Rivers and their tributaries are the veins of the planet, pumping freshwater to wetlands and lakes and out to sea. They flush nutrients through aquatic ecosystems, keeping thousands of species alive, and help sustain fisheries worth billions of dollars.
Rivers are also the lifeblood of human civilizations. They supply water to cities, farms, and factories. Rivers carve shipping routes around the globe, and provide us with food, recreation, and energy. Hydroelectric plants built from bank to bank harness the power of water and convert it to electricity.
But rivers are also often the endpoint for much of our industrial and urban pollution and runoff. When it rains, chemical fertilizer and animal waste peppering residential areas and agricultural lands is swept into local streams, rivers, and other bodies of water. The result: polluted drinking water sources and the decline of aquatic species, in addition to coastal dead zones caused by fertilizer and sewage overload.
Over the course of human history, waterways have been manipulated for irrigation, urban development, navigation, and energy. Dams and levees now alter their flow, interrupting natural fluctuations and the breeding and feeding patterns of fish and other river creatures. Technology and engineering have changed the course of nature, and now we are looking for ways to restore flow and function to the planet’s circulatory system.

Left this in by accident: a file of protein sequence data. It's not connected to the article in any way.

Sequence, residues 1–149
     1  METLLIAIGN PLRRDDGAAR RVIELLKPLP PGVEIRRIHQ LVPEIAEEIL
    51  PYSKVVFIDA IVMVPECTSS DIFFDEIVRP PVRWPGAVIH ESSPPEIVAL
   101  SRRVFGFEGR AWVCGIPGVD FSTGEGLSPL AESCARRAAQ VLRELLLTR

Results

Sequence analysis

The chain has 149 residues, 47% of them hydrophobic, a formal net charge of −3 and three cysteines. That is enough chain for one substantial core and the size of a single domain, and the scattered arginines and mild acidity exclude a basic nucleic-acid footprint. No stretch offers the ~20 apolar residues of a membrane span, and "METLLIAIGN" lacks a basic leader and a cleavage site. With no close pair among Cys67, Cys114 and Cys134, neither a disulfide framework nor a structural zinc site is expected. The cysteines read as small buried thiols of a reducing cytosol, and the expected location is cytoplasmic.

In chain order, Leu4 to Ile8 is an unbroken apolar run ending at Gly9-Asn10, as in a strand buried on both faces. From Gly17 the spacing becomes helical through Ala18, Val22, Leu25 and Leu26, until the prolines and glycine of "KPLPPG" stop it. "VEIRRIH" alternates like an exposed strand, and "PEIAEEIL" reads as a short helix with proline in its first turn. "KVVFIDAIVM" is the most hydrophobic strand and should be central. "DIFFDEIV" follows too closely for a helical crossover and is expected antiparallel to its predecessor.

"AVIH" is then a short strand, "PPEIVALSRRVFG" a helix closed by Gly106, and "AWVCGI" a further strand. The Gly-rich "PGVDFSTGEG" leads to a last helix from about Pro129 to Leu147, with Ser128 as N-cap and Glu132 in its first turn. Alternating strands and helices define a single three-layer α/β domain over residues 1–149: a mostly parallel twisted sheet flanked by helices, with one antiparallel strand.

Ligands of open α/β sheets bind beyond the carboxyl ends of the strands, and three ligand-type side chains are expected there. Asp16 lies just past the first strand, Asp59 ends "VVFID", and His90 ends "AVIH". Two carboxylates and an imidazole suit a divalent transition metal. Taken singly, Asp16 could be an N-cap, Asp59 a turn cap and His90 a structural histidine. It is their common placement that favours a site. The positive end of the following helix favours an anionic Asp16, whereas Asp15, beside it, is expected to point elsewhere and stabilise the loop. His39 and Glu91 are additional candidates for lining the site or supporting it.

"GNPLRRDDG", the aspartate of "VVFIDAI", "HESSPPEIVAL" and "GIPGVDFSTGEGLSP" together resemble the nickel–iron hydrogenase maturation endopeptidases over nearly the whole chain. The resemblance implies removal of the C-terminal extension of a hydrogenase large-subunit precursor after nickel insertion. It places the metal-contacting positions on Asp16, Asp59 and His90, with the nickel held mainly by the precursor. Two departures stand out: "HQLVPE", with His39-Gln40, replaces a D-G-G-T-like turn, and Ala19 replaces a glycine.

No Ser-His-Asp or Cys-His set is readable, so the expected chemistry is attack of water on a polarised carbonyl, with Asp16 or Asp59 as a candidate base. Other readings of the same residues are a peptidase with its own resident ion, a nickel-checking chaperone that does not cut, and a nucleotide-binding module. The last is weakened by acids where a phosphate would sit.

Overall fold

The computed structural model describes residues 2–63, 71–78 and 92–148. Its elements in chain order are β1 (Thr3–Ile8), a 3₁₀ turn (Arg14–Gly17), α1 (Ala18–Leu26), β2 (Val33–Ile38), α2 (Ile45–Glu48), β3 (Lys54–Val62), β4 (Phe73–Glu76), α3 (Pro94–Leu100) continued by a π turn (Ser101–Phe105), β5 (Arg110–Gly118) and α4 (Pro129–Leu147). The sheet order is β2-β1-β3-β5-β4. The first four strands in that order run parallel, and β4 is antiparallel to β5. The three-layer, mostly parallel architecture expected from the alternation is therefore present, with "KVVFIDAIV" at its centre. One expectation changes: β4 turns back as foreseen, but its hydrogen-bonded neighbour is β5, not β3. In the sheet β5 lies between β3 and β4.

The Colorado River provides an excellent example of what happens when demand for river water—for cities, industry, energy production, and agriculture—threatens to outpace supply.
An unsettling number of large rivers—including the Colorado, Rio Grande, Yellow, Indus, Ganges, Amu Darya, Murray, and Nile—are now so overtapped that they discharge little or no water to the sea for months at a time.
China is proceeding with a massive $60 billion project to transfer water from the Yangtze River Basin in the south to the water-short north. If completed it would be the largest construction project on Earth and would transfer 1.5 trillion cubic feet (41.3 billion cubic meters) of water per year—a volume equal to half that of the Nile River.
After enduring 19 flood episodes between 1961 and 1997, Napa, California, opted to restore the Napa River floodplain for $366 million, instead of the more conventional flood-control strategy of channelizing and building levees
By harvesting rainwater you lessen the polluted water running into rivers and by re-using grey water lessen the sewage overload.